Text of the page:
Welfare (n): the state of being happy, healthy, or successful
When our nation was founded patriotically on July 4th 1776, it courageously declared to protect “life, liberty, and the pursuit of happiness”. Flash forward two centuries later, men and women on the urban streets are unhappy, poor, unemployed, and unsuccessful. That is the description of an American welfare program recipient. Is this what our founding fathers imagined the future of America to be?
Before diving into contentious waters, we need to answer the question – What is Welfare?
The word “welfare” describes a healthy state of well-being, security, prosperity, and fortune, however, American politics and culture has associated its meaning with the Welfare Program, a system in which families in need are provided assistance through governmental programs like food stamps and TANF. The word gets thrown around excessively during presidential elections and debates that not only affects people in need of aid, but also you and me – the American taxpayers.
Though numerous presidential promises have been made, the problem has yet to be solved. No one is happy with American welfare policies, and no one has come up with a practical solution.
And we continue to condemn welfare recipients.
Most Americans have a negative perception towards welfare recipients, and deem them as able-bodied people who are “undeserving” and too “lazy” to find a job. The act of bashing welfare recipients took off during the Reagan administration, when former President Reagan created the “Welfare Queen”, denouncing Linda Taylor, a woman who committed welfare fraud, cheated the system and lived off of government handouts. Taylor made up over 80 names and 30 addresses and successfully collected food stamps, social security, and many other benefits by creating nonexistent individuals. To this day, the public refers to terms such as Reagan’s “welfare queen”, “poverty pimp” and many more derogatory expressions to describe those who abuse the social welfare system.
Though welfare recipients who cheat the system such as Linda Taylor exist, we tend to forget that the welfare program also includes, in large part, children and the disabled, who are unable to support themselves and still need protection and aid. Many welfare recipients who are able-bodied, despite popular opinion, strenuously attempt to get off the welfare program as soon as possible. They are ashamed of their distressed state and would do anything to rid themselves of the resentful stigma. Nonetheless, parents who have children desperately need a source of aid in order to start in the workplace. Real people need these welfare programs to get back up on their feet – a boost to give them a head start. And they have their success stories too.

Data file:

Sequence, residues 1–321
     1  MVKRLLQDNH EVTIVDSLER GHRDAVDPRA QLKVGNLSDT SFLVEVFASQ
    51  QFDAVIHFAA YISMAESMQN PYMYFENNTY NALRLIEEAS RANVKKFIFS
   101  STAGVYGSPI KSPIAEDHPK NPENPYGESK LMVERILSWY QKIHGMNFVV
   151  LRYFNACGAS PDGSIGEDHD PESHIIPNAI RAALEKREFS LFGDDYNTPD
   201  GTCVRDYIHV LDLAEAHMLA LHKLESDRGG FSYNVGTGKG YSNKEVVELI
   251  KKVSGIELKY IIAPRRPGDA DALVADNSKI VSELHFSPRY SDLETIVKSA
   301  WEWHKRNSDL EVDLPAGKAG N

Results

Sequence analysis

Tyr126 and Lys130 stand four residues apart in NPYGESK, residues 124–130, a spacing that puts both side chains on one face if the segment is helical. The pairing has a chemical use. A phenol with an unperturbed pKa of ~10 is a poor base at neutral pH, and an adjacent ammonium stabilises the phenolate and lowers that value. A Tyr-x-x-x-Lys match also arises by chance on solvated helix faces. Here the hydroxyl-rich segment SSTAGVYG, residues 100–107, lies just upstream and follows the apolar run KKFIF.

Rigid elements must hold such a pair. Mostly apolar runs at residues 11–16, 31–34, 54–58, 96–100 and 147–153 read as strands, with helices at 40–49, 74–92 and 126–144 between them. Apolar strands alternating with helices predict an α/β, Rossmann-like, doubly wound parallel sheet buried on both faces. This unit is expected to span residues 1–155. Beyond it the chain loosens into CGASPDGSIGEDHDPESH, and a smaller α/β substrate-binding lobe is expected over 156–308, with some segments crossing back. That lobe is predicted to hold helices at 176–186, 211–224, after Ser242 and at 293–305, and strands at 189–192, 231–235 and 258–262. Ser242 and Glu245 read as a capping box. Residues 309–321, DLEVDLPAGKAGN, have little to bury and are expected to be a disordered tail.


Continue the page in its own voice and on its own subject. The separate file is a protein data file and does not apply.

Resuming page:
Americans want to help the poor, but they hate the welfare system.
They imagine their hard work in taxpayer dollars going towards welfare recipients who sit around and wait for their monthly handout. At the same time, that money is protecting a child from abuse and hunger, and giving those in need a chance to succeed and “pursue happiness”.
So how do we, Evangelical millennials, respond to this conundrum?
And what does the Lord require of you? To act justly and to love mercy and to walk humbly with your God. -Micah 6:8
We have been taught to become lights of the world and to help those in oppression and need. We hate injustice.
In a fallen world, there are people who abuse the system excessively, and there’s absolutely nothing we can do about it. Yet we tend to lump welfare recipients into one condescending description: “able-bodied, lazy cheaters”.
When will helping become harming? Is there such thing as helping too much? Where is the line drawn between a helping hand and a handout?
The biggest fear of being a source of aid to those in need is the potential that recipients would develop dependency on assistance. Statistically, it has been shown that those who are opposed to welfare believe that the welfare program broadens the potential of dependency on the part of the recipient. In the extreme case of Linda Taylor, such is true.
Our responsibility is to care for those in honestly dire situations and listen to their stories.
Yes, there are people who depend on cheating off of the social welfare system for a living, but there are also people who want to live an honest life, and are willing to rely on the Lord as their backbone before standing back up again. God’s presence is most apparent in life’s most hopeless circumstances, and we are called to love and interact with those in need.
For those of us who don’t need to worry when our next meal will be – We should be encouraged to reach out, love, and graft ourselves among those in need.
Stop condemning welfare recipients and the needy – hate injustice, and love mercy.